Oboes from the Baroque period are double-reed instruments that predate the modern oboe. They were first played between the years 1650 and 1750. The shawm was the primary double-reed instrument prior to the baroque period. The ancestor of the baroque oboe was this instrument, which was so loud that it could only be played outside. It was distinguished from the baroque oboe the absence of joints, the presence of a pirouette or resting place for the player’s lips, and the presence of a wind cap over the reed. Because these three elements were removed, the baroque oboe became a quieter instrument that could be played with other musicians indoors.
Oboes from the Baroque period originated in France in the mid-seventeenth century, where they were primarily used as court instruments. Over the next several decades, these instruments spread rapidly throughout Europe. By the early 18th century, the Italians had completely redefined the baroque oboe to make it more of a virtuosic instrument.
The baroque oboe differs significantly from its modern counterpart in several ways. The keywork, or lack thereof, is the first of these differences. On a baroque oboe, there are only three keys. Baroque oboes take on the appearance of modified recorders as a result of this. The modern oboe, on the other hand, has a complex “full conservatory” system that covers the top two joints almost entirely.
The size of the bore, or the internal chamber of the oboe through which wind passes as the player performs, is another difference between the baroque and modern oboes. The bores of baroque oboes are wider than those of modern oboes. This is one of the reasons why baroque oboes sound so different from their modern counterparts. Because of the bore width, a baroque oboe’s pitch can be up to a half tone lower than that of a modern oboe.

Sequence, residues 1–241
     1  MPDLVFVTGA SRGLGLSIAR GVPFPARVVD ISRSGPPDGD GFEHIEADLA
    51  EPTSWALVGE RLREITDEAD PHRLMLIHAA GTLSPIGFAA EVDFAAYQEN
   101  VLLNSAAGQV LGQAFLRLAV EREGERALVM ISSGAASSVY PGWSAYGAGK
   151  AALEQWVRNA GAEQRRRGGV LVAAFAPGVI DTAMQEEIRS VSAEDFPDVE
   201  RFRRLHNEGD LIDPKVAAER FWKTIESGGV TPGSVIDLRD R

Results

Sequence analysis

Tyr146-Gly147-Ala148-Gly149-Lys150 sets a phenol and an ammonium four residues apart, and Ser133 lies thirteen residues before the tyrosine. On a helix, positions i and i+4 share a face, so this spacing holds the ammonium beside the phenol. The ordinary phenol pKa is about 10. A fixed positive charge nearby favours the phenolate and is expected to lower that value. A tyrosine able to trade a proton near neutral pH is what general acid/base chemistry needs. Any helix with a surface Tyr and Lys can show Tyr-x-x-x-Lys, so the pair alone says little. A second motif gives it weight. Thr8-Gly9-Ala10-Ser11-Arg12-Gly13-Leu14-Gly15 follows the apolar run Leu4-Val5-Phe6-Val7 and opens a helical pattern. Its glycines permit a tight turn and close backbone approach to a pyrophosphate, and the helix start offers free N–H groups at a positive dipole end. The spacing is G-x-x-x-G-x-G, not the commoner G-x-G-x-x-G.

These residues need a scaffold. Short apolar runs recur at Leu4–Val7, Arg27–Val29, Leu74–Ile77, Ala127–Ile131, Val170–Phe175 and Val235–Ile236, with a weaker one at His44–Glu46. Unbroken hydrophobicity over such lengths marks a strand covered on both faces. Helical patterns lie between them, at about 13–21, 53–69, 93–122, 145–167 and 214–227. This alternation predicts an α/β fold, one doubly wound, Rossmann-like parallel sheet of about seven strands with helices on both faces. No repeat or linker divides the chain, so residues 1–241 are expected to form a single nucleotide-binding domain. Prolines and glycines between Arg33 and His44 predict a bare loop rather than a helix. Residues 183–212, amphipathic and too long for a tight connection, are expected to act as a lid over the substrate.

The size of the reed in any oboe is proportional to the bore size. Baroque oboe reeds are shorter and wider than modern oboe reeds in order to accommodate the larger bore in baroque oboes. They are, however, made in the same way as modern reeds.
A final distinction between modern and baroque oboes is the wood used in their construction. Boxwood was traditionally used to make baroque oboes. Modern oboes, on the other hand, are usually made of grenadilla wood. The sound of the instruments is also influenced the density differences between these woods.
Baroque oboes have a warmer, slightly diffused or cupped sound than modern oboes. This allows them to blend in well with other popular baroque instruments like viols and violin family members. The sound is still loud, with musicians, composers, and members of the baroque public frequently referring to the baroque oboe as the woodwind family’s trumpet.
Several baroque composers, most notably George Frederic Handel and Johann Sebastian Bach, used the baroque oboe as a favorite instrument. Antonio Vivaldi, Tomaso Albinoni, and Arcangelo Corelli were among the composers who wrote for the instrument. Giuseppe Sammartini was arguably the most famous baroque oboist, sometimes referred to as “Handel’s oboist” because he played so many of Handel’s works for the instrument.
Oboists who specialize in baroque music do so on occasion. These oboists can play the modern oboe, but they prefer to play the baroque oboe to preserve the authenticity of baroque oboe music. The players frequently record baroque oboe solos, but they also perform with other instrumentalists such as violinists, flautists, and harpsichordists at baroque festivals and similar events.